Tag Archives: Performer

How Has Sales Evolved In The Last Four Years?

Interview with Michael Griego, CEO, MXL Partners

Situation: Sales technique is constantly evolving. Based on research completed by the Sales Executive Council, this evolution has accelerated since 2008. The implications for selecting, training and retaining top sales reps are significant. How has sales evolved in the last four years?

Advice from Michael Griego:

  • A 2009 study by the Sales Executive Council (SEC) – Replicating the New High Performer– studied 6,000 international sales representatives from 90 companies comparing top sales performers with core sales reps across 44 attributes.
    • The study found that Challenger sales reps represented the largest cohort (39%) of the most successful sales reps, followed by Lone Wolf (25%), Hard Worker (17%), Reaction Problem Solver (12%), and Relationship Builder (7%) sales reps.
    • The Challenger sales rep is best suited for a complex sales environment, while the Hard Worker is best for less complex enterprise sales or sales of off-the shelf products.
  • Identify the characteristics required for your sale. In addition, identify the mix of sales people currently on your team – from young, eager people just out of school to seasoned vets who can be realigned to current methodologies.
  • Selection should focus on the prior experience of the candidate. What have they have sold in the past? Ask for details of sales situations. How do they usually open a sales conversation? How did they adjust their sales pitch to different audiences? Were they hunters or farmers? Top talent reps can deftly go both ways.
  • Training involves reinforcing sales fundamentals plus the modern application of provocative consultative selling where salespeople provide true insight and challenge customers well beyond feature/function/benefit selling.
    • SEC study results indicate that if you are involved in a complex sale you need to identify the challenges, acknowledge what is happening in your client’s market and the challenges that they face, quantify the implications, and position potential solutions for exploration; all of this occurs BEFORE you start selling your specific solution.
  • Retaining the best sales reps fundamentally takes good sales management.
    • Pay special attention to top performers, while attending to all your reps and treating them fairly.
    • Challenge them to be better in areas that will enhance their success.
    • Recognition is a great motivator. Make them an internal mentoring resource for the rest of the team.
    • Identify your core (average) players and train them to act like your top players.
    • If you do these things they won’t be attracted to the shiny objects dangled by head hunters.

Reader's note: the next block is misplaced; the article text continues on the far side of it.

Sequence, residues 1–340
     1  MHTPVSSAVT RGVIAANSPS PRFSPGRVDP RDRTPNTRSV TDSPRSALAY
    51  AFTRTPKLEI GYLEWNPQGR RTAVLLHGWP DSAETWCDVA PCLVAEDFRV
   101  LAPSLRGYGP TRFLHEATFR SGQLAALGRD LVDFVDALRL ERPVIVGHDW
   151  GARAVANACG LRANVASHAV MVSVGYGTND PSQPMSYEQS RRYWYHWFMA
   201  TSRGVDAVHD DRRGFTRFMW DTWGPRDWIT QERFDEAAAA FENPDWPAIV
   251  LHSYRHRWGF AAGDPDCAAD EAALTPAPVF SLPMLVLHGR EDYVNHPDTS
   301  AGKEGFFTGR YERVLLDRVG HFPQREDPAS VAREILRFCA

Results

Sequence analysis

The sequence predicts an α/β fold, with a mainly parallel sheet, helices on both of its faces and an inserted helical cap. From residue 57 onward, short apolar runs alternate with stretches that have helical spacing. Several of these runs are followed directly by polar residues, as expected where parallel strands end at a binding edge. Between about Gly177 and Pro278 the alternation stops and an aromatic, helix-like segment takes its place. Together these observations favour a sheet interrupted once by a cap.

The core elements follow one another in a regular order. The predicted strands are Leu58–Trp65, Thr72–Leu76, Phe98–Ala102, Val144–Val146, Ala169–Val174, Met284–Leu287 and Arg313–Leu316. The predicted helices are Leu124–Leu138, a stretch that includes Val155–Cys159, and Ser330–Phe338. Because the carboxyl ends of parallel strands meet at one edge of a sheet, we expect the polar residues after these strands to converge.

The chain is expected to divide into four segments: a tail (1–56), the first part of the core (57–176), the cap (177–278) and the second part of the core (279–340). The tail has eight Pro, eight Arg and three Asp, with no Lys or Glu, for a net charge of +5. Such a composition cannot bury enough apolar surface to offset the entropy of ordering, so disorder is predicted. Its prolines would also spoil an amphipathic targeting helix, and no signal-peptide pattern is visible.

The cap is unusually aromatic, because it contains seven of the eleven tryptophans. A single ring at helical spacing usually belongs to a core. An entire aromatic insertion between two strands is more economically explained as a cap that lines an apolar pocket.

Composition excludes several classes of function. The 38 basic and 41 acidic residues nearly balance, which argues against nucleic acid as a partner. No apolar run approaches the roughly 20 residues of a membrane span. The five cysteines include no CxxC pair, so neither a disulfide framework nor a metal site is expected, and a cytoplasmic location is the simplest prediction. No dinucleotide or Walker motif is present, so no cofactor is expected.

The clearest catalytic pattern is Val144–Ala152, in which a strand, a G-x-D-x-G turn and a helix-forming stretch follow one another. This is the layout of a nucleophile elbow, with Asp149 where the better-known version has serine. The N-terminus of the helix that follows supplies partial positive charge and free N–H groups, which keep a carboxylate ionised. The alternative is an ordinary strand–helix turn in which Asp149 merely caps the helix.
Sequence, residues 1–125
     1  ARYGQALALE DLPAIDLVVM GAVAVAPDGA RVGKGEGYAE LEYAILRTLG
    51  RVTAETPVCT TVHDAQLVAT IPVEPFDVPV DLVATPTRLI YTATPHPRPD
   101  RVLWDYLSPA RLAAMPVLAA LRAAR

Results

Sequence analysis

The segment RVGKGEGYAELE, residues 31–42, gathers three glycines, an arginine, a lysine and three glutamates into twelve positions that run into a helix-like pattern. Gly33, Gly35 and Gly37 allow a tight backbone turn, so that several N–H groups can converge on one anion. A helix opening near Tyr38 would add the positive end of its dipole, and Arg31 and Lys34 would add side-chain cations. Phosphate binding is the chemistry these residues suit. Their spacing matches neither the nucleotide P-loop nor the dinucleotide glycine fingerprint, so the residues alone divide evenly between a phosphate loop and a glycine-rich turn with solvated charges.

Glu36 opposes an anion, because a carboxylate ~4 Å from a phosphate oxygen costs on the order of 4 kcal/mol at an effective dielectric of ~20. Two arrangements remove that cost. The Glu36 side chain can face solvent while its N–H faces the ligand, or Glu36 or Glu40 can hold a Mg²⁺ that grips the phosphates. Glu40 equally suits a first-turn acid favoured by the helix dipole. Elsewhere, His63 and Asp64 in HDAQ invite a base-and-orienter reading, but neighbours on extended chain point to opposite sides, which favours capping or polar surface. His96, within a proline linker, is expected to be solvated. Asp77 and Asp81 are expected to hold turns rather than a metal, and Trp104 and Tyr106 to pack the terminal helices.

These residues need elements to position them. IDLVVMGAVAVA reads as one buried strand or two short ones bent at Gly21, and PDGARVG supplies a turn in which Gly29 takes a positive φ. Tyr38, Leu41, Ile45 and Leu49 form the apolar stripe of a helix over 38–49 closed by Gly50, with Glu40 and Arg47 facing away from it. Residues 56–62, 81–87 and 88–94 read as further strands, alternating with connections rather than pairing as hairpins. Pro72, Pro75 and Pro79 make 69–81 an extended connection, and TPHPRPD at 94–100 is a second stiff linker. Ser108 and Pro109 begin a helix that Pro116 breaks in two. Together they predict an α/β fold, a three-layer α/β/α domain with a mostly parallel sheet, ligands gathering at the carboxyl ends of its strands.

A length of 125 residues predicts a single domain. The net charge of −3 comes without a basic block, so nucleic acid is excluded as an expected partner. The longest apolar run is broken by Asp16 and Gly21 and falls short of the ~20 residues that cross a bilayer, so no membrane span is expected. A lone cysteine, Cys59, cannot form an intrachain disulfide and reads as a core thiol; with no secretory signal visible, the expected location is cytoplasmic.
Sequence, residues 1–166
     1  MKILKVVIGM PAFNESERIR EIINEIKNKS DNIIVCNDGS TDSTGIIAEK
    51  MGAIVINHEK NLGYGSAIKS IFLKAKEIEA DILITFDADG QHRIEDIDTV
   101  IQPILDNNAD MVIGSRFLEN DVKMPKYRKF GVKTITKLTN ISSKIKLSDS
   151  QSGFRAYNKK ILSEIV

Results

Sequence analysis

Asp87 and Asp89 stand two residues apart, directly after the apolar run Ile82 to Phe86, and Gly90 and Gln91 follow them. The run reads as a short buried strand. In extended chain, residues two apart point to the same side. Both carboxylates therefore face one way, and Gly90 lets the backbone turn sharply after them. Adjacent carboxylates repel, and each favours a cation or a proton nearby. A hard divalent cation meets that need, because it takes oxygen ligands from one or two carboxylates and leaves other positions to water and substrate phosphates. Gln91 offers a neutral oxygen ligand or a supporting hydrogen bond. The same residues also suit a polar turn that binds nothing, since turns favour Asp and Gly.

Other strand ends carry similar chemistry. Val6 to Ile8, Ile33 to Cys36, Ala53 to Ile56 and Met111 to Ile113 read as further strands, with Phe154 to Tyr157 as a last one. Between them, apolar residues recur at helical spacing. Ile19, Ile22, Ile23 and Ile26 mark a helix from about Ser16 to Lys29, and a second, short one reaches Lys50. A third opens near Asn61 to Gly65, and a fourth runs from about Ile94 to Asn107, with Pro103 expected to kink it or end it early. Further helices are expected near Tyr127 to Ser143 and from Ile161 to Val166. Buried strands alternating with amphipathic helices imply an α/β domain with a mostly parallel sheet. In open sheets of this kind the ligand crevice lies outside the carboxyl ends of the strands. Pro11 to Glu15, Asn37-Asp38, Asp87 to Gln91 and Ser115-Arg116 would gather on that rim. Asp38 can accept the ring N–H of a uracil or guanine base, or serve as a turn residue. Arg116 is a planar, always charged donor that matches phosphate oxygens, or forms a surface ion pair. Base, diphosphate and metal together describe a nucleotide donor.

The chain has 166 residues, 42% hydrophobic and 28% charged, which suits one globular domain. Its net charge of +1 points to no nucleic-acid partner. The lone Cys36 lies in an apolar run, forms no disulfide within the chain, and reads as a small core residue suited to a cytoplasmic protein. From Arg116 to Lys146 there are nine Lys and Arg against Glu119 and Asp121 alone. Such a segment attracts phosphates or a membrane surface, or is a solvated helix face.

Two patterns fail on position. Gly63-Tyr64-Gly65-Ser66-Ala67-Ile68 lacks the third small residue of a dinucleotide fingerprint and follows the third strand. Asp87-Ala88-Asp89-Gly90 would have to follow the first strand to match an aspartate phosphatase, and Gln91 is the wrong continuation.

You can contact Michael Griego at mike@mxlpartners.com.

What Are Best Practices for Selecting Business Development Staff? Four Thoughts

Situation: A company wants to expand its business development staff. What is your experience, and what has worked best for you in selecting among business development candidates?

Advice from the CEOs:

  • Your first priority is your compensation plan for the new person. There are three basic compensation schemes:
    1. High Base/Low Commission
    2. Medium Base/Medium Commission
    3. Low to No Base/High Commission
  • Choice between these options depends on your own philosophy, as well as common practice within your industry. Compensation is central to candidate selection. The CEOs recommend asking candidates about their own preferences for compensation.
    • If they prefer Option 1, don’t hire them – they either lack experience or confidence.
    • They ideally prefer Option 3 – they can make more money, but cost you little unless they perform.
    • If they prefer Option 2, probe. They may be good but face personal obligations that make it difficult to choose the high risk/high reward option. Ask about past compensation and performance. Verify any claims made during the interview.
  • You want to structure sales compensation so that non-performers leave of their own accord – without costing you dearly in time or money.
  • What are the most important traits to seek in a good B.D. candidate?
    1. Understanding of customer’s requirements as well as purchase behavior.
    2. Understanding of your product or service.
  • How do you find candidates?
    • Use a Head Hunter who knows your industry and competitors.
    • Use written tests to evaluate the individual’s traits.
    • Let the recruiter find and screen prospects and present the top 2-3 to you.

Key Words: Business Development, Candidate, Compensation, Experience, Traits, Evaluation, Base, Draw, Commission, Industry Practice, Verification, Performer, Non-Performer, Selection, Head Hunter, Personnel, Recruiter, Test